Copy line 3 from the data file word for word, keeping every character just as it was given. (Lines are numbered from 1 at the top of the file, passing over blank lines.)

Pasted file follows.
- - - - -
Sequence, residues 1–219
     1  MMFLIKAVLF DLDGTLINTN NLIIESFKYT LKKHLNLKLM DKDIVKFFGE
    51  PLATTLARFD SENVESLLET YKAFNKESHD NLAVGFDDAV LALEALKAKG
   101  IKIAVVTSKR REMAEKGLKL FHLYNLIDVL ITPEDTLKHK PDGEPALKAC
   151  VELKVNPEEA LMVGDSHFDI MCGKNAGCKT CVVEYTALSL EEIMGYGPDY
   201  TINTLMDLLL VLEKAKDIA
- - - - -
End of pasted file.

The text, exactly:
    51  PLATTLARFD SENVESLLET YKAFNKESHD NLAVGFDDAV LALEALKAKG